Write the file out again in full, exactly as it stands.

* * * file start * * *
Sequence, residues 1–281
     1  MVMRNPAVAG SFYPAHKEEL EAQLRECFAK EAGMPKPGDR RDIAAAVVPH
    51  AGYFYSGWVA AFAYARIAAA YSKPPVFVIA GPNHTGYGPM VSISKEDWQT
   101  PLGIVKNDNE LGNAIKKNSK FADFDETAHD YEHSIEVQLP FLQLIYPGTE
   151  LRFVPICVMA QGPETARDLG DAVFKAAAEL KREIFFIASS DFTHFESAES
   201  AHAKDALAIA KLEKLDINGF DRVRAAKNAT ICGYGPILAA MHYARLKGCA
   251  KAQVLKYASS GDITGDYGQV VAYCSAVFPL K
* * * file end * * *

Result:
Sequence, residues 1–281
     1  MVMRNPAVAG SFYPAHKEEL EAQLRECFAK EAGMPKPGDR RDIAAAVVPH
    51  AGYFYSGWVA AFAYARIAAA YSKPPVFVIA GPNHTGYGPM VSISKEDWQT
   101  PLGIVKNDNE LGNAIKKNSK FADFDETAHD YEHSIEVQLP FLQLIYPGTE
   151  LRFVPICVMA QGPETARDLG DAVFKAAAEL KREIFFIASS DFTHFESAES
   201  AHAKDALAIA KLEKLDINGF DRVRAAKNAT ICGYGPILAA MHYARLKGCA
   251  KAQVLKYASS GDITGDYGQV VAYCSAVFPL K